Statement at the SEC Staff Roundtable on Short-Term / Long-Term Management of Public Companies, Our Periodic Reporting System and Regulatory Requirements

Chairman Jay Clayton

July 18, 2019

Bill [Hinman] thanks a lot. I'm going to highlight three items to try and kick us off here. First, a thank you to Bill, Coy, Shelley and the other staff from the Division of Corporation Finance for the work you did in hosting today's roundtable and on a day to day basis. This event demonstrates the commitment of the Division to important issues that have a direct impact on our Main Street Investors and your commitment to fair and transparent markets.

I also want to thank our panelists. As I look across here if I was investing my money for the long term, this would not be a bad investment committee.

You are giving up your time to share your vast experience with us. You represent a variety of viewpoints from long term investors to issuers, from preparers of SEC reports to consumers of that information. So thank you very much for giving us your time.

Second, I think we need to always keep in mind who we are doing this for. At least from my perspective, it's our long term Main Street investors who invest directly in our markets, but also more the case and I think increasingly the case through funds and pension plans. Having this perspective is -- their perspective -- in mind is I think key to understanding why long term perspective on investing is important.

Put simply, they are investing for the long term and it's their money that's in our markets as they save for retirement or other life events. We think about them every day at the Commission and they're not investing for next week, they're not investing for next year. Predominantly they're investing for something 10, 20, 30 years away and they expect their money to be managed that way.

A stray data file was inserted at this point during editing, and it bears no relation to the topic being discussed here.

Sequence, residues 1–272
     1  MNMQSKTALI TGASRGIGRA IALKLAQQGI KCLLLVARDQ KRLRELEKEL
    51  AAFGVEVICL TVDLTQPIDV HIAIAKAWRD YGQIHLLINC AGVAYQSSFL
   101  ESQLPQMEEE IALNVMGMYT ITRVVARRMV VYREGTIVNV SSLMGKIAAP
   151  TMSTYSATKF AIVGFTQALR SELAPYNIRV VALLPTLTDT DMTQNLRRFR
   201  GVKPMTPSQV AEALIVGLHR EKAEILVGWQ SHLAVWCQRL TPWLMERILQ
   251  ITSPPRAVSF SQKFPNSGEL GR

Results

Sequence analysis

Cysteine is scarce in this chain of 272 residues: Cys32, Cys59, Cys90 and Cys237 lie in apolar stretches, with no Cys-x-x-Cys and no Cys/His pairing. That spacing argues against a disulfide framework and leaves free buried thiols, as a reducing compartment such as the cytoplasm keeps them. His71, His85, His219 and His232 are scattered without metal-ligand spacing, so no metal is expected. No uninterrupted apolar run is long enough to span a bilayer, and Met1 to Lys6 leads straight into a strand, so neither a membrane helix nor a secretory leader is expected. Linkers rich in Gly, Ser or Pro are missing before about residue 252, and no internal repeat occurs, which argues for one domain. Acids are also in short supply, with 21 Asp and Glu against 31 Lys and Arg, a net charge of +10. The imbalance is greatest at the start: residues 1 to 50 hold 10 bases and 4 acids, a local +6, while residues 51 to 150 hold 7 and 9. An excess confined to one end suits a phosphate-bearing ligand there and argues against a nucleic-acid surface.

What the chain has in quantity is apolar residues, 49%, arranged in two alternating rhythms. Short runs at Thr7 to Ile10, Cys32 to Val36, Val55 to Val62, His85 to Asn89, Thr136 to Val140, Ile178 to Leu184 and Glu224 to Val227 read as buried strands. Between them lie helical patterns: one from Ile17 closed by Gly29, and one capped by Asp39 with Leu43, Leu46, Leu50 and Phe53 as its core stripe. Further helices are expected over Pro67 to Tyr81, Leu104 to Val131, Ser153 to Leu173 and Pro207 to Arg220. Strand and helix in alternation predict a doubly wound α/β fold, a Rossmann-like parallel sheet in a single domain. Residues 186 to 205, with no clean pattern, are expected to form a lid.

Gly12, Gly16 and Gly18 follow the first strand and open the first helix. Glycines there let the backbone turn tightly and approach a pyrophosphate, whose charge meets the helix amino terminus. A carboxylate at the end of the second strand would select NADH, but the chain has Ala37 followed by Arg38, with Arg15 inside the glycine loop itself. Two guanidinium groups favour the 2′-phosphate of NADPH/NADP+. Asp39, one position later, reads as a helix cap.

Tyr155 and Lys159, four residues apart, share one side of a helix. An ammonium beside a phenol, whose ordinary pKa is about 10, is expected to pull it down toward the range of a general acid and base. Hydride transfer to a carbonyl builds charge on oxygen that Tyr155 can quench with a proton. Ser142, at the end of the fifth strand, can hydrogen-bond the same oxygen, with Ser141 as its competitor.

But we do recognize that their perspective is not exclusively long term. The investment decisions that they make or their advisors make rely substantially on timely and quality disclosure. And it is this timely and quality disclosure that fosters market liquidity that every investor needs at some point in their investment life.

But I believe that there is not a tradeoff between long-termism and liquidity. Said another way, I don't believe that to have effective liquidity you need a short term focus. Too often in Washington we think there's a tradeoff of one thing for another. We should be looking for rules of the road that foster both liquidity and a long term perspective.

Third, today's agenda and the comments we've received so far on our request for comment demonstrate that if we are going to make strides to foster a longer term perspective in American companies, we need to consider these issues from two points of view.

One is to look at the macro forces that drive short term behavior in our markets generally and explore market based initiatives to address them. For example, what drives companies to issue earnings guidance, while others do not?

The other is to look at our disclosure framework and other regulations as a package not as individual items to determine whether they efficiently allow companies to focus on long term performance. For example, can we more efficiently get information to investors that today is included in earnings releases and often repeated in quarterly reports? And does the frequency of our disclosure framework allow companies to focus on the long term performance of their businesses or duly result in quarter to quarter management?

I'll deviate from my prepared remarks as I already have many times, but I'll do it again. Mark and I were having a discussion and I want to address this up front. He made a very insightful point. He said, our macro-economic performance does not indicate that we have an excessive short term problem. Whether that is or is not the case let's accept for a moment that it might be.

I believe that that may be the result of the substantial shift to private capital. And so we should not only be thinking about whether companies across our economy are managing too much for the short term, but whether this might be an issue that's acute to our public markets and not our private markets and what that means for allocation of capital.

With those hard questions but ones that we need to address, I'll turn it over to Commissioner Roisman. And thank you Mark.